ALBUM REVIEW: Yonaka – Seize The Power

Release Date: July 15th 2021
Label: Creature
Website: www.weareyonaka.com
Facebook: www.facebook.com/weareyonaka
Twitter: www.twitter.com/weareyonaka

Rating:

Albums and EPs are so 2020. Yonaka have re-invented the mixtape with their latest release, ‘Seize The Power’. The dark-pop outfit reclaim the almost defunct medium to slide neatly between the former record structures; no longer are these the reserve of teens nostalgic for a decade in which they weren’t even alive.

At first you may wonder why they didn’t either trim the excess and make it a standard EP, or wait a bit and make it a fully fledged album, but barely one song in, and the intent becomes crystal clear: this record holds a message that could not wait any longer. Not only are musicians on their backsides after over a year of uncertainty, but they (and everyone else) have been systematically let down and even undermined by those who insist that they have our best interests at heart. The frustration at the current state of affairs is palpable throughout ‘Seize The Power’.

Here Yonaka inspire a degree of rebellion against a status quo that hasn’t worked for some time. Whether it’s the titular track that speaks to the dissatisfaction in all of us to break the mould of a repressive society, or the anger-fuelled commentary on the broken economic structure of the music industry that works artists to the limit just to milk more than their fair share of profits (‘Greedy’), Yonaka‘s electro-tinged pop-rock is a call to action more than it is a mere vent of pent up emotion.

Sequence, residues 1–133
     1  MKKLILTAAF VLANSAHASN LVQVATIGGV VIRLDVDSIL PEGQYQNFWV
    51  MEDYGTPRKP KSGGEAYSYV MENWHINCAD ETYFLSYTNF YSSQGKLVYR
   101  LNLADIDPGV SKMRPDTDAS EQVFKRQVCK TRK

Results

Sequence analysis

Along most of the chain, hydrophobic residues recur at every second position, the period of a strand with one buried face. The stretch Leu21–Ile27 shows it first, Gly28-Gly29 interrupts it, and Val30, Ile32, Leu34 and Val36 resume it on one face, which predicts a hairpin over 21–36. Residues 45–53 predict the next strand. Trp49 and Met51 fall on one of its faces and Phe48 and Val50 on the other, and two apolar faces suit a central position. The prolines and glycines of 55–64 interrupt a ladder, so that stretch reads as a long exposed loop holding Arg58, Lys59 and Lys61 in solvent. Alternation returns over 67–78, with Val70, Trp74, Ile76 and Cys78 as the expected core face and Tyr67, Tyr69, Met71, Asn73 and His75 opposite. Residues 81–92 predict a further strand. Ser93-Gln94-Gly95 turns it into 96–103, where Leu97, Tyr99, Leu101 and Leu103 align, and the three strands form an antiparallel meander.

We expect anti-establishment anthems from punk, but slipping it into more accessible club beats pushes its message further beyond its expected borders. ‘Raise Your Glass’, with its motivational and symphonic chorus, has a broad enough appeal to slide into mainstream playlists, and the unsuspecting soul who goes from this to the blaring rage of ‘Clique’ might be amazed that this is even the same band.

Flitting between self-care melody and revolutionary spirit finally makes sense with the mixtape closer, ‘Anthem’; “I seen it in the videos, people just like you and me are taking back control.”

It’s ironic that Yonka use the slogan from the movement that might have been the single worst thing to happen to UK bands in history (i.e. the restriction of freedom of movement) to throw it back in the powers-that-be’s faces. Maybe it really is time to actually take back control.